The Hague: Final submissions


JF-Expert Member
Nov 22, 2007
By Evelyne Kwamboka
Confirmation hearings against first three Kenyans at The Hague ended with spirited defence statements by the lawyers for the suspects and a strong fight-back by Prosecutor Luis Moreno-Ocampo’s side.
With the closure of the hearings the judges nowhave 60 days to rule if initial evidence presented can support crimes against humanity charges in full trial against Eldoret North MP William Ruto, Tinderet MP Henry Kosgey, and Kass FM presenter Joshua arap Sang

It is expected that the ruling will be out on December 24, a day before Christmas, because the 60-day count begins on October 24, when the defence must have submitted its final written submissions.
The outstanding statements of the day appeared to be stern warning the Bench gave the three suspects on witnesses and victims, as well how to conduct themselves.
There was also the declaration by the prosecution, in response to adverse claims made against Prime Minister Raila Odinga over the violence that rocked Kenya after 2007 elections, that they found no evidence to link him to the violence.

The prosecution has no evidence at this stage showing Raila Odinga was involved in the crimes before this court," said Moreno-Ocampo’s representative Cynthia Tai.
Within the 60-day period, Pre-Trial Chamber II judges have to rule if the evidence is sufficient to commit either one, two, or all of suspects, to full trial, and on either all or some of the charges against them.
The country now awaits not only the ruling cases involving Ruto, Kosgey and Sang, but also the confirmation hearings on a similar case against the second batch of three Kenyan subjects, which begins on September 21.
Those in the second case are Deputy Prime Minister Uhuru Kenyatta, Head of Civil Service Francis Muthaura and Maj-Gen (Rtd) Hussein Ali, who was Police Commissioner during post-election violence.
There were four main highlights to the last day of the confirmation hearings:
*Presiding Judge Ekaterina Trendafilova’s stern warning to Ruto, Kosgey and Sang not to approach or intimidate any witness or victim, and not to involve themselves in any activity that could trigger or incite another wave of violence in Kenya.
According to the court rules, a breach of these conditions could lead to the judges taking such drastic action as confining the errant suspect in an International Criminal Court facility.
Witnesses threatened
*There was consternation in the court when the counsel for the victims Sureta Chana in her closing submissions read out an e-mail from one of her peace workers in Kenya, narrating a broadcast message by Belgut MP Charles Keter, threatening ICC witnesses.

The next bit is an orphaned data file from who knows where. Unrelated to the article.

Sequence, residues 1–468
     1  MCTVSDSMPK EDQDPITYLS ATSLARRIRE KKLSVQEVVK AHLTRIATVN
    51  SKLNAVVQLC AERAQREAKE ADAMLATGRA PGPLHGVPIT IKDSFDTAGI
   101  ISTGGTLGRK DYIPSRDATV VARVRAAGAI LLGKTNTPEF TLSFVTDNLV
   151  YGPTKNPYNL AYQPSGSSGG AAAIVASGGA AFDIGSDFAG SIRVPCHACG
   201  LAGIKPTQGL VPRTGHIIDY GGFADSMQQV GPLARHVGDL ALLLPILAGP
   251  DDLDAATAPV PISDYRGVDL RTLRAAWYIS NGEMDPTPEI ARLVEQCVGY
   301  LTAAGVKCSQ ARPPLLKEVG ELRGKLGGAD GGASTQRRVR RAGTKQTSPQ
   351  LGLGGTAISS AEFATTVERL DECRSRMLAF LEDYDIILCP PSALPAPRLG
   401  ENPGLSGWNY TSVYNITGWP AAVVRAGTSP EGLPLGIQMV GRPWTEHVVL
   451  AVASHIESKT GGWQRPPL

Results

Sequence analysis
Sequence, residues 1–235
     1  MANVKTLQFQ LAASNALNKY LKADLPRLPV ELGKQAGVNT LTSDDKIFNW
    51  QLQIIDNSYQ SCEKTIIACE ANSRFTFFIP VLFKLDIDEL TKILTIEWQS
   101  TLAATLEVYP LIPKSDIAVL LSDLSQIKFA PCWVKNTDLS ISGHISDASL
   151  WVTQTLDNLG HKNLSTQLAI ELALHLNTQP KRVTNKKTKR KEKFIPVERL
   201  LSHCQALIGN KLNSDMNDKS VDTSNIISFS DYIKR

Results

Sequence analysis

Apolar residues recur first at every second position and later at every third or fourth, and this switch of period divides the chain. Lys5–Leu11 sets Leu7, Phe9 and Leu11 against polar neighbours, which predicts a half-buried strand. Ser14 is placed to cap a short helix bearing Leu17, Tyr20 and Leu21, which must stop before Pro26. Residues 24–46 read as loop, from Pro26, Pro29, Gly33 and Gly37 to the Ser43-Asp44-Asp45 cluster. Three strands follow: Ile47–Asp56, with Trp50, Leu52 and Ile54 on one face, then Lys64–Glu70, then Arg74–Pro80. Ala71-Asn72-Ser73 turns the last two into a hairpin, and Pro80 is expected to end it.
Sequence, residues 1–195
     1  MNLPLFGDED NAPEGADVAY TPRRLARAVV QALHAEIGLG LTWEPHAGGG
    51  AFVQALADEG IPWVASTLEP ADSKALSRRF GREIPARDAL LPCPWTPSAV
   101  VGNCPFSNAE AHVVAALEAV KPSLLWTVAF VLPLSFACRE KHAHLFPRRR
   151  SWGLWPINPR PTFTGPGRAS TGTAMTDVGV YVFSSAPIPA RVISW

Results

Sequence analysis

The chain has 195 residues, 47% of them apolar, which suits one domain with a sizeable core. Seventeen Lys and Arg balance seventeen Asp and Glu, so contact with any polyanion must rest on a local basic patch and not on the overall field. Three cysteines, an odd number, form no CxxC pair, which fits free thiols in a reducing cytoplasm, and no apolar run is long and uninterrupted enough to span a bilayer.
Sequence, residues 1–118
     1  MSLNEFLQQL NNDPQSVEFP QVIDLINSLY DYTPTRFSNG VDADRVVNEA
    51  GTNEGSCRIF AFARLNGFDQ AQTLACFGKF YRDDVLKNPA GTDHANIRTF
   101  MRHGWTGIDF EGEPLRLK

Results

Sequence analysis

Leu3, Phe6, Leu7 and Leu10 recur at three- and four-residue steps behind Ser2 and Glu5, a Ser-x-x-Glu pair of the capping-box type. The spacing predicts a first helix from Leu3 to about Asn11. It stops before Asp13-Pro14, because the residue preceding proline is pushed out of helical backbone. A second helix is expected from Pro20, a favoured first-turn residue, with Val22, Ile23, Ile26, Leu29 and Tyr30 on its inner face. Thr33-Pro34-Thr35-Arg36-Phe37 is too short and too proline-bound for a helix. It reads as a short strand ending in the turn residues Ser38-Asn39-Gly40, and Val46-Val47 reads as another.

The MP was quoted in the e-mail claiming on Kass FM radio interview on Wednesday that: "The evidence so far given against the suspects at The Hague was far-fetched and was concocted by Party of National Unity." They now knew the identity of the ICC witnesses, which is protected and they would face unspecified actions; and that claims made at the ICC targeted Kalenjins as a whole.
Chana, who is also a judge in the UK, told the court the statement made by the MP was inciting.
*Defence lawyers for Ruto, Kosgey and Sang discredited Ocampo witnesses and cast the prosecutor’s case as built on fiction by creative minds, shoddy or even non-existent investigation, and undermined by contradictions and glaring inaccuracies.
Tai responded, saying the prosecution case was watertight, the suspects only preached peace after the violence to cover their tracks, and their alibis were not convincing because with the use of helicopters, they could be in more than one place in a day. She also argued two of the witnesses presented by the suspects – former GSU commandant Samson Cheramboss and Emo patron Bishop Jackson Kosgey – were unreliable and suspect because the prosecutor in his investigations had listed them as ‘co-conspirators’.
*Kigen for Sang summarised Ocampo’s witnesses as unreliable because they were, ‘anonymous, self-confessed criminals, contradicted each other, and gave nothing beyond their words to prove their claims against the suspects.
He took offence with Tai’s argument that Sang’s peace messages were part of a scheme to conceal his crimes.
"Mr Joshua arap Sang is not Kass FM and to bring him here as an entity called Kass FM is what the counsel for the victims has done,’’ he argued.
Political scheme
Ruto’s lawyer Kioko Kilukumi described his client’s predicament as a political scheme to lock him out of next year’s presidential election. He asked the court to be cautious when evaluating his evidence because he shied away from calling live witnesses.
Kilukumi argued prosecution’s Witness Number One had drawn a chart that was presented to the court, showing Raila was the ‘chief’ of one of the ‘networks’ that planned the violence, and Ruto and Kosgey reported to him. He said the prosecution’s witnesses were questionable, adding that some of them have since relocated to higher income earning countries.
The prosecution statements before the court, he argued, "were from self-confessed witnesses", and were, "tailor made for ICC".Lawyer David Hooper, also representing Ruto and Kigen Katwa for Sang, had accused Ocampo of ignoring witness statements touching on Raila during the hearing that took seven days.
In her closing statement, Tai requested the judges to confirm charges against Ruto, Sang and Kosgey.
She pointed out that the real picture on contradictions and questionable evidence of witnesses produced by the defence showed during the cross-examination.
The Bench made up of Justices Hans Peter-Kaul, Cuno Tarfusser and Trendafilova heard that two defence witnesses – Kosgey and Cheramboss – were implicated in post-election violence.


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